So Long, Good Buddy, Our Foster Dog
The call came on Monday morning.
The man who had come to our house several weeks ago, decided he wanted Buddy and reimbursed us for what we spent on him at the vet, was coming back to pick him up. He had been traveling throughout the past few weeks and I told him he could leave Buddy with us until he got back and could concentrate on building a relationship with his new 4-legged boy.
This was our first fostering experience, mostly because I felt I couldn’t do it and would get too attached. After all, 3 of our 4 current dogs were to go into a rescue, but once I had them, I couldn’t let them go.
I knew from almost the beginning that Buddy wasn’t ours and so I tried not to let a bond develop. I read articles on fostering dogs, I tried the tricks other fosters use. I tried to concentrate on his faults (this was hard, as he was truly one of the best dogs we’ve ever had). I tried to remind myself I didn’t like male dogs (again, hard since he didn’t find it necessary to pee on everything). I told myself we didn’t have the space (but he had found a bed and corner all his own).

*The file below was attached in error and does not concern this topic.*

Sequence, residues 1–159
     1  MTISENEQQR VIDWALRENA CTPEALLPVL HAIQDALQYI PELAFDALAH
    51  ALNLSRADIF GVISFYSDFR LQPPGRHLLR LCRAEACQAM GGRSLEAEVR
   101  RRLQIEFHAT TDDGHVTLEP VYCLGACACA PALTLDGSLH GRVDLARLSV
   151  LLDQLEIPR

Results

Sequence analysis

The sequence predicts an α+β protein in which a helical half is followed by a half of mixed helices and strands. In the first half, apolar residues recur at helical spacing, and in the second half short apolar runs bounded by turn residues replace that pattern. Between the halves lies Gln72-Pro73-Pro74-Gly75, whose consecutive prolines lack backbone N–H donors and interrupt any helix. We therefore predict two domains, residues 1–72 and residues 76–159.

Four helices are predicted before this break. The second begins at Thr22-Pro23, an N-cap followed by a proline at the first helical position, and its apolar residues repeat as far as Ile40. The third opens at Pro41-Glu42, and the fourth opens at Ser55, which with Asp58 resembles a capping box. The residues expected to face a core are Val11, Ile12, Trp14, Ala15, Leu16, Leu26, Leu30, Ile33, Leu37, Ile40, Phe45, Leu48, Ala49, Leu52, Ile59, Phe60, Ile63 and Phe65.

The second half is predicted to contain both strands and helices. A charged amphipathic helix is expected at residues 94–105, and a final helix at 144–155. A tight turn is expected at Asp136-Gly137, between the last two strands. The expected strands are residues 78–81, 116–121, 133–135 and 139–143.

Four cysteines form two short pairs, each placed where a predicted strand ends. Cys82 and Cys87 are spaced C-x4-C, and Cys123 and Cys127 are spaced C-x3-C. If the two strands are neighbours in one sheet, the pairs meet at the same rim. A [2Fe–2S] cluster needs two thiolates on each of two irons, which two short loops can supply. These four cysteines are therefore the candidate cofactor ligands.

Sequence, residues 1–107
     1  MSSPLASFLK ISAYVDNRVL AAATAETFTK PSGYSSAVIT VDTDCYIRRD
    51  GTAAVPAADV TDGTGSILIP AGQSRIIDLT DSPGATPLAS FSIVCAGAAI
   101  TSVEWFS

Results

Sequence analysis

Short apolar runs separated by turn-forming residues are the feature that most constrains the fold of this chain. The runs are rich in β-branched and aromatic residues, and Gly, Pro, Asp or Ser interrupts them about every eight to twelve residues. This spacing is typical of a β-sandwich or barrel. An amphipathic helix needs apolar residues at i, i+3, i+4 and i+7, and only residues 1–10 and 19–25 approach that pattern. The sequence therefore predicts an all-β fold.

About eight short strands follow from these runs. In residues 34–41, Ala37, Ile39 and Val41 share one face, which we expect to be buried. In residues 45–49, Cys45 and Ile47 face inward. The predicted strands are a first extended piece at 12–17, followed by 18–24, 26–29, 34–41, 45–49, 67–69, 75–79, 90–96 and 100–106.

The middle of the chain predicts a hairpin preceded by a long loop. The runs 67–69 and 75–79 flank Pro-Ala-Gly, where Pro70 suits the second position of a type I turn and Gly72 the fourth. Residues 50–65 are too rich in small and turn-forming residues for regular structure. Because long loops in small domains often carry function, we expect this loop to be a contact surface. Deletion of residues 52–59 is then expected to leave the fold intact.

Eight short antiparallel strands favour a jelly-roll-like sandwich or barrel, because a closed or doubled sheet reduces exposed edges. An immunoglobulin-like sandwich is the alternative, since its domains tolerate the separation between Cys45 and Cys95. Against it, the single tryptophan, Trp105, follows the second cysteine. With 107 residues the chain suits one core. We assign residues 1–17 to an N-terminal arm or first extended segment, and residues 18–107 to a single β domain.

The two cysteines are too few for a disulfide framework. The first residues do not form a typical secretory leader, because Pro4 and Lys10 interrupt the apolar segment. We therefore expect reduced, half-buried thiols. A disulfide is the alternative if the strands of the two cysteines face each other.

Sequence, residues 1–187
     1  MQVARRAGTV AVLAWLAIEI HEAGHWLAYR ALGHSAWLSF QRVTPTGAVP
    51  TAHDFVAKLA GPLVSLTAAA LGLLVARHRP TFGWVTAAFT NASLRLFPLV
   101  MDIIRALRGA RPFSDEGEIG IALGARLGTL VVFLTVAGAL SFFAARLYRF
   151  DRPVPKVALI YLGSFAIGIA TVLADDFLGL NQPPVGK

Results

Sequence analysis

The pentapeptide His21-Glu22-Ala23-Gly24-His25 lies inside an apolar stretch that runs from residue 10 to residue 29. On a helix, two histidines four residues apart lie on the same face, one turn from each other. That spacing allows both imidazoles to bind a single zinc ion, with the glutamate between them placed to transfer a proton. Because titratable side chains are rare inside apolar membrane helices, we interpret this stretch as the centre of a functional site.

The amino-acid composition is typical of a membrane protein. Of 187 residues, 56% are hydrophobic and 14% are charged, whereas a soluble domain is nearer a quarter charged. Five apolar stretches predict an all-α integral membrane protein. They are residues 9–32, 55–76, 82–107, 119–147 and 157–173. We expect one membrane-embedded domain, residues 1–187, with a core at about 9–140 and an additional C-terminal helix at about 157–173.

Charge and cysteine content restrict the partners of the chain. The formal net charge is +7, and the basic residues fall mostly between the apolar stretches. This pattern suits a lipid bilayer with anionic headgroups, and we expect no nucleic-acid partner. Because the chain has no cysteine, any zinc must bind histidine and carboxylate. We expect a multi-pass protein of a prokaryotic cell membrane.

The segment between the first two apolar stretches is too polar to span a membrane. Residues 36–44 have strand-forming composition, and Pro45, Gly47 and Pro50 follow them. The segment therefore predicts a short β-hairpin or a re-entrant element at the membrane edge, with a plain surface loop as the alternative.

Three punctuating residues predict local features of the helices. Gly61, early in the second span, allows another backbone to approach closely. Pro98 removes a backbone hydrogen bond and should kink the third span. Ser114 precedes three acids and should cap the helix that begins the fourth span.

Buddy was doing well here, he had come out of his shell and wasn’t quite as shy. He had almost quit ducking every time we reached to pet him. He had a routine, got along well with the other dogs and even joined in howling sessions before mealtime.
By last weekend, our friends were asking if we were just going to give the money back the new owner paid on the vet bills and tell him we couldn’t give him up.
We thought about it.
The worst part for me was that as his primary caregiver and maybe one of the first people to show him affection in his life, he began following me everywhere. If he couldn’t see me from where he was laying, he would get up and find me (not a difficult task in our house).
We thought about what he would think being uprooted and moved again with a person he had only saw twice at our house.
He tried so hard to please and was really a very sweet, good boy. Would he feel dumped again?
Then I heard from mutual friends that his new owner was so happy and excited to get him and couldn’t wait to get home from his travels so he could bring him home.
I know we did the right thing, for us, for our Fearsome Four, for Buddy’s new owner and most importantly, for Buddy.
Which Living Large reader put bets that I couldn’t let him go, was that David? I did, but I didn’t want to and I cried. Rescues can have my money and I’m happy to contribute food to other fosters, but I don’t think this fostering thing is for me. I gave it my best shot, I tried not to get attached, but I did.
I’m trying to keep this quote in my mind when I think of Buddy:
“Some think it’s holding on that makes one strong; sometimes it’s letting go.”
— Sylvia Robinson
Have you ever fostered a pet or a child? How do you keep from getting too attached?